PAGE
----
Death-by-assault rates are highest in the South and especially high in Louisiana.

Whether you’re trying to ensure or avoid dying by assault in the United States, Kieran Healy, associate professor of sociology at Duke, can help you figure out where to turn your compass. Using data gathered between 1999 and 2013, Healy composed several graphs tracking assault deaths by state, and then broke the data out into regions. 

Kieranhealy.org

The thick lines represent regional averages of death by assault, while the dotted lines represent state totals. That green dotted line reaching into the uppermost quadrant of the South’s plot belongs to Louisiana, by far the national leader in deaths-by-assault. Maybe True Detective and True Blood really were...true.

December 09, 2016

The Washington Post / Getty Images

It’s almost as if Donald Trump is just a plain old Republican.

Last night at a rally in Des Moines, Iowa, the president-elect addressed criticism of his cabinet appointments, a motley group of plutocrats, hacks, and hangers-on. “One newspaper criticized me, ‘Why can’t we have people of modest means?’” Trump said. “Because I want people that made a fortune. Because now they’re negotiating with you.”

Never mind that these cabinet members should be negotiating for you and not with you. Trump was supposed to be an unorthodox Republican, a champion of the (white) working class. Instead his cabinet picks represent mainstays of the Republican elite: neoconservative hawks, Wall Street bankers, climate change deniers, a guy literally nicknamed the “foreclosure king.” His pick for Labor, Andrew Puzder, is even pro-immigration, a classic GOP elite position.

If voters were hoping to express their disgust at both Republicans and Democrats in electing Trump, too bad.

St. Louis Post-Dispatch

Is violence against women disqualifying in the age of Trump?

Old reports have resurfaced that Andrew Puzder, Trump’s pick to head the Department of Labor, abused his first wife in the 1980s. The former St. Louis attorney, who is now the head of a fast-food empire that includes Hardee’s and Carl’s Jr., has long denied the charge, but police were called at least twice to the couple’s home. The Riverfront Times reports:

In her divorce filing, [Lisa] Henning alleged that Puzder hit her, threw her to the floor and unplugged the phone after she tried to call the police for her help. Puzder would later acknowledge in a deposition that he “grabbed her by the shoulders and pushed her back,” but said he did it to stop her from hurting herself.

The divorce filing also detailed two other incidents: One in the late ‘70s in which the neighbors called the police after a shouting match turned into a plate-throwing fight, and one in which Lisa Henning alleged that Puzder punched her in 1985 while they were driving in a car.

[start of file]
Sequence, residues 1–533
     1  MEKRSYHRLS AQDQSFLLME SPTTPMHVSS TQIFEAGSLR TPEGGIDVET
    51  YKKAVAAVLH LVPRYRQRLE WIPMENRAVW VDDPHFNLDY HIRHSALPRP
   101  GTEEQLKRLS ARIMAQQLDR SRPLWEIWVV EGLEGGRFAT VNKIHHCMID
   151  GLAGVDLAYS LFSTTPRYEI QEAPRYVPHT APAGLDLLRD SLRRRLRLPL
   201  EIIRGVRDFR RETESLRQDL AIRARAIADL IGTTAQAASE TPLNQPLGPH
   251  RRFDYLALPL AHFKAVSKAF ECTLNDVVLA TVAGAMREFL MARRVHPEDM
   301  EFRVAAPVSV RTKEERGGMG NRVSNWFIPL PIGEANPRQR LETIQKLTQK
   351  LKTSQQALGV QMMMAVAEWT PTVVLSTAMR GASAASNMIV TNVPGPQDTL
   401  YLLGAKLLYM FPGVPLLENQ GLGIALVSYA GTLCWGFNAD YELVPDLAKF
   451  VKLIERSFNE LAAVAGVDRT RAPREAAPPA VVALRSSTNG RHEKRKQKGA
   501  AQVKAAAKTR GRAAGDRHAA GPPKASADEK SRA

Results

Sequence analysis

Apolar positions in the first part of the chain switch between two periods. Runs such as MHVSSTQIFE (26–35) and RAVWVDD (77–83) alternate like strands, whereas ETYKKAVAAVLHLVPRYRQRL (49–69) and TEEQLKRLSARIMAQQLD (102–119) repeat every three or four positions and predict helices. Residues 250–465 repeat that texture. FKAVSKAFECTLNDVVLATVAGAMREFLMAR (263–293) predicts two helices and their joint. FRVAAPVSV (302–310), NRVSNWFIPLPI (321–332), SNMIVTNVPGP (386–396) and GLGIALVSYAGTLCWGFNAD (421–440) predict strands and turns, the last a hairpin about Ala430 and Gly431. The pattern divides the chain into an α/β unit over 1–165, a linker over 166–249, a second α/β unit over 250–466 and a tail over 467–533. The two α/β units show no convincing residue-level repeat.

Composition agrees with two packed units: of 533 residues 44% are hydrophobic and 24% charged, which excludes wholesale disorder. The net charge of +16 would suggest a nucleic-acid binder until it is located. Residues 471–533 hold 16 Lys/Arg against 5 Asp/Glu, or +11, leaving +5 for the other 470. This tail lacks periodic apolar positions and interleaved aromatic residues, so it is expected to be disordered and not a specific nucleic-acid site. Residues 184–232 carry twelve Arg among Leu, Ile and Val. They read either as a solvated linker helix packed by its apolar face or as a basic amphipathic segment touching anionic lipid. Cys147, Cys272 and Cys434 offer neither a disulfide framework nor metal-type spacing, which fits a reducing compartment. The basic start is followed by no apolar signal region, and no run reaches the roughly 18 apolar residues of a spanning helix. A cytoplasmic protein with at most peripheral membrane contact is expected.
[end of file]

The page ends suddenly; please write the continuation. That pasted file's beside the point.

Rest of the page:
Henning has since retracted the claim. In an email to Puzder dated November 30 and disseminated by Trump’s transition team, Henning declares, “You were not abusive.” She also writes, “I impulsively filed for a divorce without your knowledge and was counseled then to file an allegation of abuse. I regretted and still regret that decision and I withdrew those allegations over thirty years ago.”

It would appear that the Trump team has its bases covered. And there are plenty of reasons to oppose Puzder’s nomination beyond his domestic affairs, most notably his outright hostility toward policies that would improve the lives of workers. But one of the (many, many) depressing aspects of Trump’s election victory was that it showed that a lot of voters simply didn’t care that a candidate for the highest office in the country was facing nearly two dozen allegations of harassment and assault against women, most of whom decidedly refused to retract their allegations. Why wouldn’t Trump think he could get away with putting like-minded men in his cabinet?

December 08, 2016

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Rodrigo Duterte should work on his Trump impression, which is bad.

Everyone thinks they can do an impression of Donald Trump because Trump himself always seems to be doing one, from his gruff but oddly high and nasal voice, to the creepy way he moves his mouth, constantly pushing his lips together in a tight, often gross oval. The two most popular Trump impressions have been on Saturday Night Live, where the transition from Darrell Hammond’s buffoonish Trump to Alec Baldwin’s thuggish one mirrored a change in thinking about Trump on the left—almost overnight, he went from being a joke to a threat. (Anthony Atamanuik’s Trump is my favorite, but calling it an impression is a bit of a stretch.)

On Wednesday Philippine strongman/president/Trump’s id Rodrigo Duterte unveiled his Trump impression. Suggesting he may have a finer and subtler grasp on irony than previously imagined, he regaled a conference at the U.N. Convention Against Corruption with his take on a recent conversation he had with Trump.

This is a horrible Trump impression. Duterte does what many comedians do with Trump—ramp up his vulgarity, in this case by cursing a lot—but he makes no effort to get the voice or the mannerisms right. The substance of what he had to say, though, is interesting. “Oh, President Duterte,” Duterte says, speaking as Trump. “We should fix our bad relations. It needs a lot of, y’know, you just said something good here. And you’re doing great. I know what’s your worry about these Americans criticizing you. You are doing good. Go ahead. I have this problem on the border of Mexico and America and these goddamn shit guys are [unintelligible]. ... Maybe you can give me a suggestion, one or two, how to solve this goddamn bullshit son of a bitch.” If this is what Trump said to Duterte it makes almost no sense.